While we wait for more information from RSA about the recent attack on its SecurID tokens, I’d like to revisit a potential attack vector that I discussed in my first blog entry on the topic (March 18). The OTP device’s seed and the serial number are present during the manufacturing process. What if the OTP device’s symmetric key (AKA seed) can be derived from the OTP device serial number? Can something private be derived from something public?
Every SecurID OTP device has a serial number. The serial number is plainly visible on the back of the OTP device, the shipping packaging, in electronic form in many places, and (potentially) on shipping documentation. OTP devices that are shipped to customers are sequentially numbered.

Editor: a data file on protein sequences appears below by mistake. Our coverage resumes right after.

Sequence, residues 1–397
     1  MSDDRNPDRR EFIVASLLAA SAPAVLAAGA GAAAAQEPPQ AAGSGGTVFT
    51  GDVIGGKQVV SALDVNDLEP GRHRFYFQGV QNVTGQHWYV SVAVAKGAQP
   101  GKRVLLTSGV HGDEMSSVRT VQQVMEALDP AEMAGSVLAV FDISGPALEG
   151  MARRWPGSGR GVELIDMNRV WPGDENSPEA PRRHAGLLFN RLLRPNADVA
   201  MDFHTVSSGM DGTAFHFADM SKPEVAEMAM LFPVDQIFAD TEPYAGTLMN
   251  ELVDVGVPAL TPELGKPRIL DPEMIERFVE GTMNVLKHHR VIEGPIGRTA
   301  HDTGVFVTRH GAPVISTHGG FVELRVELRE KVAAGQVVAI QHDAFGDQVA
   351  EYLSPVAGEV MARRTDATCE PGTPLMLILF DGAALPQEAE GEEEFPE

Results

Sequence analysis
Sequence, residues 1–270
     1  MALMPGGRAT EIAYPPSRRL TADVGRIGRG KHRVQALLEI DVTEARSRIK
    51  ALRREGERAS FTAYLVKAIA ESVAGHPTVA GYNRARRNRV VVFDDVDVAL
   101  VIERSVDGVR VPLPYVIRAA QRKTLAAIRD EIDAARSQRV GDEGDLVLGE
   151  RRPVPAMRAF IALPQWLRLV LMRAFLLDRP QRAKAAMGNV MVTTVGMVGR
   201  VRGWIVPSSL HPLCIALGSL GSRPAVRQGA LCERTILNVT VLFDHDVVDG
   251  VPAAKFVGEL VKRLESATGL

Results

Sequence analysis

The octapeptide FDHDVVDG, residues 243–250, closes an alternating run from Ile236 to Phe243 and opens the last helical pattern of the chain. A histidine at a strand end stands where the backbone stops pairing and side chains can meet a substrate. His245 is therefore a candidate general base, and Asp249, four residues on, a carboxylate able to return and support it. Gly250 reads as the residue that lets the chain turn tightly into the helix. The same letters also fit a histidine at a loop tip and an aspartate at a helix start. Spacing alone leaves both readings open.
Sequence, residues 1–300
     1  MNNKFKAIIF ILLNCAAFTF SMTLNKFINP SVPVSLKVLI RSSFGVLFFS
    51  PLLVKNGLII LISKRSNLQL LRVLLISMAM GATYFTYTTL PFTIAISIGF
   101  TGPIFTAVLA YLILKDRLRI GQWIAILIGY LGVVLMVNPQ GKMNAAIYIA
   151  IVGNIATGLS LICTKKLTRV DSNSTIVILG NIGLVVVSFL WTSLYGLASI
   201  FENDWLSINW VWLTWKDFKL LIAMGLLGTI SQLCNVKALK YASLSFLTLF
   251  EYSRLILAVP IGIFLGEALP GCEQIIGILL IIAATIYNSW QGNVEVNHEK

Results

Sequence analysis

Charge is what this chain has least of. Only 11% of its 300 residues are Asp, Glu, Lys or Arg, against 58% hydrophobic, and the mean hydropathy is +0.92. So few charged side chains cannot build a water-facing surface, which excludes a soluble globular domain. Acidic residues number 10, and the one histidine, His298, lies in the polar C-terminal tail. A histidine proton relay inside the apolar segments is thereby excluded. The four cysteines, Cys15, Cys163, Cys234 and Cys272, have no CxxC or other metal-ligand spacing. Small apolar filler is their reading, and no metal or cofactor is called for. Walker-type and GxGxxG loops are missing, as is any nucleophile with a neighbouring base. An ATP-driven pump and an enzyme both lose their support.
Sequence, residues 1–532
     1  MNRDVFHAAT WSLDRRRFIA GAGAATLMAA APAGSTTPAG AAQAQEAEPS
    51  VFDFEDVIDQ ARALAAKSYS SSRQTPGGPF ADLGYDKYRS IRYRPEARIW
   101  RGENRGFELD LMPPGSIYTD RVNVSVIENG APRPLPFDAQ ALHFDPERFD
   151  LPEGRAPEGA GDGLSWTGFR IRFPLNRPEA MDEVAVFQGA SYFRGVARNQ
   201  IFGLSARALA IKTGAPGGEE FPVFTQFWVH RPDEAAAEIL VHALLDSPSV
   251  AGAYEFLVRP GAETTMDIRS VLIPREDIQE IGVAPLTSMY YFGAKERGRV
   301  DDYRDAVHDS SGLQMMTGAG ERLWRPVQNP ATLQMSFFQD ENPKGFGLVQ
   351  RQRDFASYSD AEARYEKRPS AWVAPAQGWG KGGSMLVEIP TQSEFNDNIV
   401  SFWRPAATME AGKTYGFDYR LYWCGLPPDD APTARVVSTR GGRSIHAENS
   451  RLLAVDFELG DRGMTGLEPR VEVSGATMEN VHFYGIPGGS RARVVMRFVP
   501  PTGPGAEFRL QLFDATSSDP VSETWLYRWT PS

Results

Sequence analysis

It is easy to imagine the disclosure of one OTP serial number, including direct visualization, social engineering, insider knowledge, etc. The attacker would need to know the username associated with the OTP serial number as well as the user’s PIN. I discuss the ways this information can be captured in my last blog entry on the topic (March 21). If the attacker can acquire even one customer OTP serial number, it can get many customer serial numbers because the devices are sequentially numbered.
If the attack on the SecurID OTP system enables the calculation of the seed based upon the serial number, it presents risk to customer deployments. I am keen to hear more actionable information from RSA on its recent attack. Our clients are asking us for guidance. Without knowing exactly what transpired, we have to be mindful of the worst outcome and advise accordingly.
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